Ksh1.6M Lunch Allowance and Other Scandals That Rocked KEMSA

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Kemsa warehouse in Embakasi, Nairobi.
  • Over the last week the Kenya Medical Supplies Authority (KEMSA) has been at the heart of one of the biggest controversies to rock the country.

    An investigative feature by NTV’s Dennis Okari highlighted alleged backroom dealings that led to the looting of Covid-19 donations.

    Kenyans took to the street on August 21, in protest over the KEMSA exposé and demanded for the national government to take stern action.

    However, they were soon choking on teargas fumes as anti-riot police trooped to Nairobi CBD to disperse the protestors.

    Kemsa warehouse in Embakasi, Nairobi.
    File

    Ever since KEMSA was a fully functional entity in 2005, it was immediately plagued with allegations of deeply rooted corruption and it only got worse with each passing year.

    In 2013, KEMSA was converted  to an authority in a bid to promote more transparency through autonomy.

    However, just a few years later, the authority was rocked to its foundation after former Auditor General Edward Ouko asked top officials to explain lunch allowances amounting to Ksh1,660,990.

    “Consequently, the validity of sitting and lunch allowance expenses totalling to Ksh1,660,999 paid to four board members could not be confirmed for the year ended June 30, 2018,” Ouko’s report reads in part.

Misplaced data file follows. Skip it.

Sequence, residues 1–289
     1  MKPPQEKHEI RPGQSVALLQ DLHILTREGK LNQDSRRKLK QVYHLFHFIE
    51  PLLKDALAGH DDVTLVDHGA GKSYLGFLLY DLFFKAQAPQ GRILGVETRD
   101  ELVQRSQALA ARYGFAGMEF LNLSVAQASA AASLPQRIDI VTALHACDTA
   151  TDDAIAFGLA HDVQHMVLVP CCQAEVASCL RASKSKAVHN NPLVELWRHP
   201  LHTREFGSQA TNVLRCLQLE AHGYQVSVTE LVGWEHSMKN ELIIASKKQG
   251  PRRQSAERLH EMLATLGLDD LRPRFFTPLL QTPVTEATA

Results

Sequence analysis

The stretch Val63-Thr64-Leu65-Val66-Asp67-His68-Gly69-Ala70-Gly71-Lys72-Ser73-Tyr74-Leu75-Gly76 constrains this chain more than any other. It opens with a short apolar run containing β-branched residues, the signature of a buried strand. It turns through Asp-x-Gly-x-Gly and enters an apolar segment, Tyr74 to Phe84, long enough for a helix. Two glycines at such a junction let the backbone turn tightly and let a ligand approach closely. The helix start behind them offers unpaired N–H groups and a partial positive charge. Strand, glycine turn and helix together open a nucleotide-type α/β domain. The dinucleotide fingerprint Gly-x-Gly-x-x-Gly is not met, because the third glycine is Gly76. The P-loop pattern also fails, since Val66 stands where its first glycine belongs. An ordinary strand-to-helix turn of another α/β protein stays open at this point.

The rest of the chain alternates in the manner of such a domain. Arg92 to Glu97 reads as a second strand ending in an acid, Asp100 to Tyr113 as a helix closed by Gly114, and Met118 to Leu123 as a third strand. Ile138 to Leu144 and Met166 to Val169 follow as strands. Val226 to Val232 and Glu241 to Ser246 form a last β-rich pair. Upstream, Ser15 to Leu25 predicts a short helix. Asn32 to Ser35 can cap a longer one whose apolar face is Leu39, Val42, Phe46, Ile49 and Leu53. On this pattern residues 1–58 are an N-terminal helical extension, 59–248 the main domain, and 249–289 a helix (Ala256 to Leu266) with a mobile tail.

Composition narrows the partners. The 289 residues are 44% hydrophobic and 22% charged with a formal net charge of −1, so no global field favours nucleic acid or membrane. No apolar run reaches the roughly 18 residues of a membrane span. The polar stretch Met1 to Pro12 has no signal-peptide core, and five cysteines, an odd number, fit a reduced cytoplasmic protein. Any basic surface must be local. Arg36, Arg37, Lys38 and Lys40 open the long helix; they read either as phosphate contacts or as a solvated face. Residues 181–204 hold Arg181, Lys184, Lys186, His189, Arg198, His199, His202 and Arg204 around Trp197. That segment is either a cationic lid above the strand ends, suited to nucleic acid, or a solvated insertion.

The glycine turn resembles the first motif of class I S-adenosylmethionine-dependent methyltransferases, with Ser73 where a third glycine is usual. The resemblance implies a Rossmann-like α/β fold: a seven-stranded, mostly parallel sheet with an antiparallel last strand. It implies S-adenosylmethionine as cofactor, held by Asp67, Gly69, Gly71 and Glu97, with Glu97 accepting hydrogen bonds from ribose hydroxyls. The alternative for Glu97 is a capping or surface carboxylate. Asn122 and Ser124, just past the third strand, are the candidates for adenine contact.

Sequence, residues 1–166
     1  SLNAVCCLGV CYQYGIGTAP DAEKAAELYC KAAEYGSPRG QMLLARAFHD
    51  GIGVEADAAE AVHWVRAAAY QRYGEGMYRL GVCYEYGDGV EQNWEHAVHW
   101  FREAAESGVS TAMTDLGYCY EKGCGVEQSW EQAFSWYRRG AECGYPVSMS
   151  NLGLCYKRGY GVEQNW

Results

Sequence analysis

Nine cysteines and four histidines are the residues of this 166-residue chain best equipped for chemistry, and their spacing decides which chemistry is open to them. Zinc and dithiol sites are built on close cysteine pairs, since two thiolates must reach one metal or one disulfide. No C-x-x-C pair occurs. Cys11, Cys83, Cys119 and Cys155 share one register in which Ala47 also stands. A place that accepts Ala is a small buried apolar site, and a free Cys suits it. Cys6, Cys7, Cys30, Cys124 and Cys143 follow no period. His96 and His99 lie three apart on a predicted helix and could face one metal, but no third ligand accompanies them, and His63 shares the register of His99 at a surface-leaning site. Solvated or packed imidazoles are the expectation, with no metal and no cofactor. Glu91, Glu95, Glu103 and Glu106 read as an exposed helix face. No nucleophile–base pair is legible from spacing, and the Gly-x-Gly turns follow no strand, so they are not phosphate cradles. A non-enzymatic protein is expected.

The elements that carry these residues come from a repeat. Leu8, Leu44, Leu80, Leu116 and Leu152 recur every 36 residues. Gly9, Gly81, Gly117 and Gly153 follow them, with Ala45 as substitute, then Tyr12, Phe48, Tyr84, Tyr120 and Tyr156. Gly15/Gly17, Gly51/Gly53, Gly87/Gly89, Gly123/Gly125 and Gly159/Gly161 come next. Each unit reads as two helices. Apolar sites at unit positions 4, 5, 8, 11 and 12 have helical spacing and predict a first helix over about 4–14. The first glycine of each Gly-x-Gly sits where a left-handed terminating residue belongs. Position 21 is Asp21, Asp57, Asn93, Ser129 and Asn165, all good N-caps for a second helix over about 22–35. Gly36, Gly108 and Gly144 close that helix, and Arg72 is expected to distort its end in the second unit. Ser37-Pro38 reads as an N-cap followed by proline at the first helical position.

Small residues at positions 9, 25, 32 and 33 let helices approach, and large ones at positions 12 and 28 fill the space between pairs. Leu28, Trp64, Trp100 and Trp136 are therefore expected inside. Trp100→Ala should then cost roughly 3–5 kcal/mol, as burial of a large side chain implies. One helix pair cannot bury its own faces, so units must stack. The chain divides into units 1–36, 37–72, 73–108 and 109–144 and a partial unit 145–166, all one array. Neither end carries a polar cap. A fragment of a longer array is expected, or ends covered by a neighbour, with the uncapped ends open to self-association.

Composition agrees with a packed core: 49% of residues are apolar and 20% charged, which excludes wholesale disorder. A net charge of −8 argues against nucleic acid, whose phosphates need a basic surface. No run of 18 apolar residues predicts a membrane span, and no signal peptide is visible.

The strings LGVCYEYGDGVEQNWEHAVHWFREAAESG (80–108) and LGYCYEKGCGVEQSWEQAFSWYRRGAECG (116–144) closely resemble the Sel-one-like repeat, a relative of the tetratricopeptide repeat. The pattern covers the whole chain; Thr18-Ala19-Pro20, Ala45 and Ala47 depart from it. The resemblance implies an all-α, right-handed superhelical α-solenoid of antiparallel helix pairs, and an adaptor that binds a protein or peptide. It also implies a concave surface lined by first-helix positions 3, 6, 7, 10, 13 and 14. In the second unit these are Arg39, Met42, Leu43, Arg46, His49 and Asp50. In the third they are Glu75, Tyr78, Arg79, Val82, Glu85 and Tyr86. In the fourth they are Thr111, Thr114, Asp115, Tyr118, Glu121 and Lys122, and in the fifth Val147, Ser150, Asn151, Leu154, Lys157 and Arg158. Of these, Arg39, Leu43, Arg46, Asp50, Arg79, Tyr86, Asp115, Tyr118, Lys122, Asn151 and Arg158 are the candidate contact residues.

Then came the expired drugs scandal of 2018, that had the entire country in uproar.

    The chief executive at the time Jonah Mwangi, was forced to end his trip to Naivasha abruptly as he was required to appear before the Cabinet Secretary for Health at the time, Sicily Kariuki.

    Drugs worth Ksh1.2 billion were said to have expired under their watch. The scandal was compounded by the fact that it came at a time when public hospitals were grappling with a severe shortage of drugs and other medical supplies.

    Following the latest scandal, KEMSA has still come out to ask the national government to step in with a Ksh5 billion bail out for the authority.

    Notably, the authority could not account for Ksh17 billion issued in the previous financial year.

    It further explained that medical supplies worth Ksh6 billion were lying idle in their warehouses due to inflated prices.

    Two international donors namely USAID and Global Fund issued statements warning that they would withdraw funding following graft claims.

    Global Fund on its part stated that it would look into donating medical supplies as opposed to actual funds.

    Kenyans quickly responded on their social media platforms and warned the global donor against sending medicine.

    Chinese billionaire Jack Ma’s missing Covid-19 medical donations was cited as the reference point. 

    KEMSA branded boxes.
    KEMSA branded boxes.
    File
  • Source: KENYAGIST.COM

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